I've recently begun experimenting with LPC, and while I understand that it works, I'm still slightly lost on why it works.

Specifically, I understand that LPC involves finding coefficients $a_1, a_2, \ldots a_p$ such that for a signal $h$,

\begin{align} h(n) &\approx \sum_{i=1}^{p} a_i h(n-i) \\ &= a_1 h(n-1)+a_2 h(n-2)+\ldots+a_p h(n-p)\end{align}

In other words, we want to find $a_1, a_2, \ldots a_p$ which will let us linearly approximate the next sample given the previous $p$.

However, when LPC is actually used, these coefficients $a_1, a_2, \ldots a_p$ are usually treated as the coefficients of a polynomial:

$$x^p + \sum_{i=1}^{p} a_i x^{p-i} = x^p + a_1 x^{p-1} + a_2 x^{p-2} + \ldots + a_p$$

Matlab's LPC documentation refers to this as "the prediction filter polynomial", and it's very useful for e.g. finding the formants of a signal (which are simply the zeroes of this polynomial).

But I don't understand the connection between these two uses. Why is it useful to turn the linear prediction coefficients into a polynomial like this? And why does it work?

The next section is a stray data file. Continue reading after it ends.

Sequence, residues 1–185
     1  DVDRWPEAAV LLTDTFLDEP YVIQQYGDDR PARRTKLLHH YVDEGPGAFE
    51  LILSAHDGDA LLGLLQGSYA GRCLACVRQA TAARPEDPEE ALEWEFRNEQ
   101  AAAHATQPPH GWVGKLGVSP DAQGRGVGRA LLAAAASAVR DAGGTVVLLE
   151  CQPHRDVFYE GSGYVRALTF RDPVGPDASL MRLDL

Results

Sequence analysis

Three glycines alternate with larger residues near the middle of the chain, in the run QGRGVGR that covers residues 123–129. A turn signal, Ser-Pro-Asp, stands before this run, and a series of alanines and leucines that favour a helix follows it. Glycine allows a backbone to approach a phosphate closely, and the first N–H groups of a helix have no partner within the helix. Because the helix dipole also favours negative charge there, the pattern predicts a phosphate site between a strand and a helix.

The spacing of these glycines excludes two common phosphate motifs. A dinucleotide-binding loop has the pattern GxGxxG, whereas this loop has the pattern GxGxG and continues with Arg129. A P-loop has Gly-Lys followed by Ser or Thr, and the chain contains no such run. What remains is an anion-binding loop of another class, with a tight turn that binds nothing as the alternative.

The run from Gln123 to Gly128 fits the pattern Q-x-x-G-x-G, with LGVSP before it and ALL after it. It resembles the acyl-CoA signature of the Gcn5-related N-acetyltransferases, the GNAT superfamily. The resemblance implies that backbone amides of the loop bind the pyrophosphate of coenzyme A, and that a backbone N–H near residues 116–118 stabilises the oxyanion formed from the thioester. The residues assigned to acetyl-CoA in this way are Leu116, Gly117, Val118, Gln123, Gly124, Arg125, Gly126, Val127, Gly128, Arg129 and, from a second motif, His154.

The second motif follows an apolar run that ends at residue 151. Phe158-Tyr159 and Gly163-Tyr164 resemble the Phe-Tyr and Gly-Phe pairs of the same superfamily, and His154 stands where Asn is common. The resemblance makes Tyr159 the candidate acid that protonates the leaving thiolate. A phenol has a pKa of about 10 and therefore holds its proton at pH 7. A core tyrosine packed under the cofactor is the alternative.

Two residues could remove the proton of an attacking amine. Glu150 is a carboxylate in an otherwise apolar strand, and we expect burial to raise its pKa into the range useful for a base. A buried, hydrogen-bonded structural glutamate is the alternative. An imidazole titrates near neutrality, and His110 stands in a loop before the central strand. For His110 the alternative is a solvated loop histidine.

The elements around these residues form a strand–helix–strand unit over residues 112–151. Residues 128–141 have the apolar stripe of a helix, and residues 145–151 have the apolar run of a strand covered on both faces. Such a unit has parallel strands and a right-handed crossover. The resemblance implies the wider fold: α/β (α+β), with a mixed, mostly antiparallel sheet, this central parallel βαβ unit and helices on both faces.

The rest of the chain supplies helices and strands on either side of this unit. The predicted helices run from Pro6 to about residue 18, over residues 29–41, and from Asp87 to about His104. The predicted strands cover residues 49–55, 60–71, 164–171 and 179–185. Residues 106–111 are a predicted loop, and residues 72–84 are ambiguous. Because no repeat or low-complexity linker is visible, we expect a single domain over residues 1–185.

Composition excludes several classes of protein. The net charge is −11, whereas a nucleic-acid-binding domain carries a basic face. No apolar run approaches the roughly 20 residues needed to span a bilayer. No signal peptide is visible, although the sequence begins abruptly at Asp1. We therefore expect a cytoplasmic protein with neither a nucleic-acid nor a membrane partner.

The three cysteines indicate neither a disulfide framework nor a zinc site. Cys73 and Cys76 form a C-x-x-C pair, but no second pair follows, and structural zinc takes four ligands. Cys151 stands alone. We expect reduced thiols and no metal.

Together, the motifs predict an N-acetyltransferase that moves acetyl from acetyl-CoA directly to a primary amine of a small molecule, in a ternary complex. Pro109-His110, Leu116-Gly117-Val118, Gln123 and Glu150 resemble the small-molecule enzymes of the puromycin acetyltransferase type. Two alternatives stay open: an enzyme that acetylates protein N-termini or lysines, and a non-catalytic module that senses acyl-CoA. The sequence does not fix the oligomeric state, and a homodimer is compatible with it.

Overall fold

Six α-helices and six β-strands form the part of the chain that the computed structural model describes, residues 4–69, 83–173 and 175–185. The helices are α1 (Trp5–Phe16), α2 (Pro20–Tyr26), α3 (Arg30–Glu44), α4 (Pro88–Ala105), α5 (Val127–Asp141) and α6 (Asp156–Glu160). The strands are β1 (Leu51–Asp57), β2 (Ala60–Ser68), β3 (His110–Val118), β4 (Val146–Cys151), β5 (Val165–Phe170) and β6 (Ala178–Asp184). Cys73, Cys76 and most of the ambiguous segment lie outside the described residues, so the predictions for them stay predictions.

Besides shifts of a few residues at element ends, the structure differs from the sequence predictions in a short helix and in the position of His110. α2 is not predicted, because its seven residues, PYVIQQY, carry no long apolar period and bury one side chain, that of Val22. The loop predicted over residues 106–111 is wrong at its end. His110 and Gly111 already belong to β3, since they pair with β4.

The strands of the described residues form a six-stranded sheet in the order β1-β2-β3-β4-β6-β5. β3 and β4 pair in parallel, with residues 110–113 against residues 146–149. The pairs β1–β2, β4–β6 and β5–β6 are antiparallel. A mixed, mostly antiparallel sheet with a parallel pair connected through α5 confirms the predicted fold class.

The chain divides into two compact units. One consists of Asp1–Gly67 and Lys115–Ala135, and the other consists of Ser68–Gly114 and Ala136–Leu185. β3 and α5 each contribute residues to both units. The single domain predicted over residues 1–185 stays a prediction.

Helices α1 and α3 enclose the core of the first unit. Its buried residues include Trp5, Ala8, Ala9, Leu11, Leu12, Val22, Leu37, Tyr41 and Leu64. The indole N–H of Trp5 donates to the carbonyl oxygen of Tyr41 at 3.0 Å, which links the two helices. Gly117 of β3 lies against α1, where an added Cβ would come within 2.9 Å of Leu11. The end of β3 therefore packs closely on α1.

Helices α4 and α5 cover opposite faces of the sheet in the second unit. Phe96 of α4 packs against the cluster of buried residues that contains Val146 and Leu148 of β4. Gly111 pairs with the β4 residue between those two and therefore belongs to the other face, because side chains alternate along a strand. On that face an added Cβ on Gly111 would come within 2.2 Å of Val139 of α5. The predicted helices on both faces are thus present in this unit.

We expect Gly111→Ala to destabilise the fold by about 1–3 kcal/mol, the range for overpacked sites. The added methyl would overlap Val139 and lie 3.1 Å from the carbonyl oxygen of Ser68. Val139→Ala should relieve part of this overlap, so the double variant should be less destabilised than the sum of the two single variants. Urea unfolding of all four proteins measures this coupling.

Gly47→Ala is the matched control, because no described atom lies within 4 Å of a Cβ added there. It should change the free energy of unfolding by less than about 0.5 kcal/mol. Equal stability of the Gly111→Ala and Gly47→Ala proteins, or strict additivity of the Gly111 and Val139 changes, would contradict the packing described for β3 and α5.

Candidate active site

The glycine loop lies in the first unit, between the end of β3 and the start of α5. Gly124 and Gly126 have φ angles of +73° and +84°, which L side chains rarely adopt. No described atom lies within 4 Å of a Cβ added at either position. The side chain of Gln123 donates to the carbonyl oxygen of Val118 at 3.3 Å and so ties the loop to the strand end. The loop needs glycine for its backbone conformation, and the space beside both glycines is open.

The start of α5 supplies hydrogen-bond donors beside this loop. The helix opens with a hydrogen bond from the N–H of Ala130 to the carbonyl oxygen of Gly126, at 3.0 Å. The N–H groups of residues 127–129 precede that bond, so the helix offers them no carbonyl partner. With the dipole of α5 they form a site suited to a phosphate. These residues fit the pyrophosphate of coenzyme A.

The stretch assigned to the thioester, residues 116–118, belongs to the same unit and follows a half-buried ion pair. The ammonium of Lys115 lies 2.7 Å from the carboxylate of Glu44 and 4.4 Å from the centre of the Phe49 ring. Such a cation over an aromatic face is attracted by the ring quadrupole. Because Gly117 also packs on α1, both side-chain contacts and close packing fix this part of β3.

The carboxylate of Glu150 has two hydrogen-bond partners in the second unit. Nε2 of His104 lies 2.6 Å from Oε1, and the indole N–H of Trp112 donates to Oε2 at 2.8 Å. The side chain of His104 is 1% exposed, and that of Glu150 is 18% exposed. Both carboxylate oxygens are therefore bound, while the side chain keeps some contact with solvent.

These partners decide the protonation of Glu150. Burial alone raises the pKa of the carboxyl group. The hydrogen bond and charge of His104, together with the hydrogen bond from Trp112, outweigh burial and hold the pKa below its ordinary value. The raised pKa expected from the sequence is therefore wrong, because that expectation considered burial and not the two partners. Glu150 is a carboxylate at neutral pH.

The prediction polynomial is the representation in the $z$-domain of the first equation you wrote.

When performing LPC, one assumes that the filter consists of only poles and the transfer function is $\frac{1}{A(z)}$ where

$$A(z)=1 - \sum_{i=1}^{M} a_i z^{-i}$$

That's the polynomial you are talking about. Note that it should have only negative powers of $z$, not positive.

As you wrote in your question, one estimates the signal $h(n)$ based on past values of that same signal. The $z^{-i}$ factors in the polynomial represent those delays in the $z$-domain, while the coefficients $a_i$ are just constants and, due to the $z$-transform linearity, they just stay as they are.

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